Peace without justice doesn’t exist: conversations with Sima Samar, chair of the Independent Afghanistan Human Rights Commission and with Mohammad Farid Hamidi, Attorney General of Afghanistan
Human rights and the rule of law are not synonymous, but they do overlap and function symbiotically. In the words of UN Secretary-General Ban Ki-moon, they "represent universally applicable standards adopted under the auspices of the United Nations and must therefore serve as the normative basis for all United Nations activities in support of justice and the rule of law."
To summarize, the stronger human rights, the stronger the rule of law. Together, they form a framework for decision- and policy-making that is anchored by legality, accountability and participation. In this, they create a fertile ground for development and social transformation.
Justice based on human rights is crucial in Honduras.
Yemen, one of the poorest countries in the Arab world, has been devastated by armed conflict since September 2014. The conflict has received limited international coverage and human rights violations and violations under international humanitarian law suffered by the civilian population have been grossly underreported. All parties to the conflict have been linked to serious violations of international law, with inadequate accountability mechanisms in place to ensure justice for victims.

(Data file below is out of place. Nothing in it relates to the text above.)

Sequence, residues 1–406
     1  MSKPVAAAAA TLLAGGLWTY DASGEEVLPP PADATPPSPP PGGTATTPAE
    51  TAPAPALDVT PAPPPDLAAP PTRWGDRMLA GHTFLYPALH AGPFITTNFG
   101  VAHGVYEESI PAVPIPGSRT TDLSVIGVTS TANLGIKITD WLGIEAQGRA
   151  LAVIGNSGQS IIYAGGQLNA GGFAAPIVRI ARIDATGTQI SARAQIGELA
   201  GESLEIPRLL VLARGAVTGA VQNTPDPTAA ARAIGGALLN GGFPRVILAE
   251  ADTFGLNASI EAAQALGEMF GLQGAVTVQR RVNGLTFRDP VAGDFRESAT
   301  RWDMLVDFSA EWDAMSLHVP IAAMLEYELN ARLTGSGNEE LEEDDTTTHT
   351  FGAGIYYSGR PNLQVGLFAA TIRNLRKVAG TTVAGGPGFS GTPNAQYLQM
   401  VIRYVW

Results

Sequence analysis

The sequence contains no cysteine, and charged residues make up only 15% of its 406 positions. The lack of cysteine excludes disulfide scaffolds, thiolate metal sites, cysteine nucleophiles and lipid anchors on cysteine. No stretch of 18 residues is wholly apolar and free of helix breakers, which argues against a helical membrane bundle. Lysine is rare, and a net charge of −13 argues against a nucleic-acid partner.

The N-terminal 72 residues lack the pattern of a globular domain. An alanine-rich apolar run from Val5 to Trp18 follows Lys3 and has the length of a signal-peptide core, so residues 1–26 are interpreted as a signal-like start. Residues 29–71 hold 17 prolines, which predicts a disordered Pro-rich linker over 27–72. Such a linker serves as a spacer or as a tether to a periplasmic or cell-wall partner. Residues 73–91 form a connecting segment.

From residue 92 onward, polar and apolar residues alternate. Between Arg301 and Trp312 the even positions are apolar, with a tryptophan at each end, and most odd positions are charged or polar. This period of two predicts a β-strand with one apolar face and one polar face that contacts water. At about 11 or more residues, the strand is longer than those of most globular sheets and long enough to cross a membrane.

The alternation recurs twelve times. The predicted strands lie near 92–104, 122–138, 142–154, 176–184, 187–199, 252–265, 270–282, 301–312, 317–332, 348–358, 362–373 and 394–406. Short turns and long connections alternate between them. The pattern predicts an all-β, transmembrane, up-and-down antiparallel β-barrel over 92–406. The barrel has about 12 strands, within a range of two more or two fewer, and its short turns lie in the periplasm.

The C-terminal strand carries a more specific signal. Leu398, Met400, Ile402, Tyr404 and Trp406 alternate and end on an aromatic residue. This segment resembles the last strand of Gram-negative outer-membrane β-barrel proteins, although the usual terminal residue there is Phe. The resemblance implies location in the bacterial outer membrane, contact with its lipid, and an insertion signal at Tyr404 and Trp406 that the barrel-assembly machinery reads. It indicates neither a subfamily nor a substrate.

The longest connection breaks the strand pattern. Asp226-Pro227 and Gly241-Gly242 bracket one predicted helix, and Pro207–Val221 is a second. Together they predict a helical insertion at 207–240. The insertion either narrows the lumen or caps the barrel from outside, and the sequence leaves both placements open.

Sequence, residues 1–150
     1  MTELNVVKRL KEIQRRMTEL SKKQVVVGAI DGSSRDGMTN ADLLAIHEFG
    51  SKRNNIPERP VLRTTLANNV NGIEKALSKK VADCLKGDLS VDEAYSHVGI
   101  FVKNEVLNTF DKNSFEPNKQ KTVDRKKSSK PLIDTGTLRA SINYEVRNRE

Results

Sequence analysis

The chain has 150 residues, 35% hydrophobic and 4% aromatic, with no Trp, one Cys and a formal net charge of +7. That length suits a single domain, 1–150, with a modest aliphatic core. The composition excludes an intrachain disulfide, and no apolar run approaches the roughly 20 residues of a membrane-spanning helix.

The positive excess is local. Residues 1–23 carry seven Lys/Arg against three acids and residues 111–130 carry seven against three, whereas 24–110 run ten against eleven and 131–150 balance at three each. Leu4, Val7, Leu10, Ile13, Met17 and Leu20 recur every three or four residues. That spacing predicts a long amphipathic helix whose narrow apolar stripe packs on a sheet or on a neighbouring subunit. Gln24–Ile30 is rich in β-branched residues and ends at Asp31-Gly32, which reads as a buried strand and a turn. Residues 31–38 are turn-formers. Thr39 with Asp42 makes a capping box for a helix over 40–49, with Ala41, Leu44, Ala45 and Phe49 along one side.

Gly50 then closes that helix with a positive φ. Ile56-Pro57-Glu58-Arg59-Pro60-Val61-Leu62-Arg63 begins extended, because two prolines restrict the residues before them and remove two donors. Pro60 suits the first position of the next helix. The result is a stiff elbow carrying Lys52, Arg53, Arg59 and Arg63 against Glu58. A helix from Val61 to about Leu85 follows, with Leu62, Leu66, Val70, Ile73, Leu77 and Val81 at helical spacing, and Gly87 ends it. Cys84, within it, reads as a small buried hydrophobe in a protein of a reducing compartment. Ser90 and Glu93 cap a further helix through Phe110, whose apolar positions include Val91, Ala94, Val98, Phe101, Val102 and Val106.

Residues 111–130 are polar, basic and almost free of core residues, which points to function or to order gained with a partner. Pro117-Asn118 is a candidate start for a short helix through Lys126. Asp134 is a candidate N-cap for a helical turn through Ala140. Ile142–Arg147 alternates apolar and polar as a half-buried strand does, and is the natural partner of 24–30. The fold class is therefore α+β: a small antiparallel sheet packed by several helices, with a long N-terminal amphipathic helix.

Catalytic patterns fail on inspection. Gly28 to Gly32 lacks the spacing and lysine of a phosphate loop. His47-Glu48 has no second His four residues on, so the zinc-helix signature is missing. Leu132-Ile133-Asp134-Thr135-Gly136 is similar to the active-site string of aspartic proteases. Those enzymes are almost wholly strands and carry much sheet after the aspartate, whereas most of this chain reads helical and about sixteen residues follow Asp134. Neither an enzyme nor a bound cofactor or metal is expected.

Strengthening prevention and accountability for sexual and gender-based violence (SGBV) through the rule of law and access to justice has been a priority for the Government of Myanmar since 2011, when it embarked on an unprecedented transition towards democracy. SGBV cases are rarely reported and, when they are, the justice sector fails to provide adequate remedies. Therefore, there is a widely recognized need to increase prevention of and accountability for SGBV.
Human rights and the Sustainable Development Goals (SDGs) go hand in hand. While they run on parallel tracks, both communities tend to operate within two separate silos.
40th Session of the Human Rights Council: Interactive Dialogue with Ms. Amina Mohammed, Deputy Secretary-General of the United Nations
STATEMENT OF THE INTERNATIONAL DEVELOPMENT LAW ORGANIZATION
Room XX, Palais des Nations, Geneva, Switzerland
Delivered by Julian Fleet, Permanent Observer to the United Nations in Geneva
Languages: English | Español
Honduras is shifting the national dialogue on restorative justice by moving the penitentiary criminal system away from a retributive approach and towards a human rights-based perspective.
“From women held without fair trial, to women toiling in their homes, in factories, in the fields, the gap between what women demand and need and what they receive is enormous,” remarked Ms.
As part of IDLO’s continuous commitment to accountability and results-based management, IDLO is pleased to share this Evaluati
Evaluation (Mid-Term) of the project "Reducing Violence and Homicide through Access to Justice in San Pedro Sula, Honduras"As part of IDLO’s continuous commitment to accountability and results-based management, IDLO is pleased to share this Mid-Term Evaluation Brief for the project, “Reducing Violence and Homicide through Access to Justice in Chamelecon, Satelite and Rivera Hernandez Neighborhoods of San Pedro Sula, Honduras”. The evaluation has been conducted by independent evaluation experts, supervised by IDLO’s Evaluation Unit.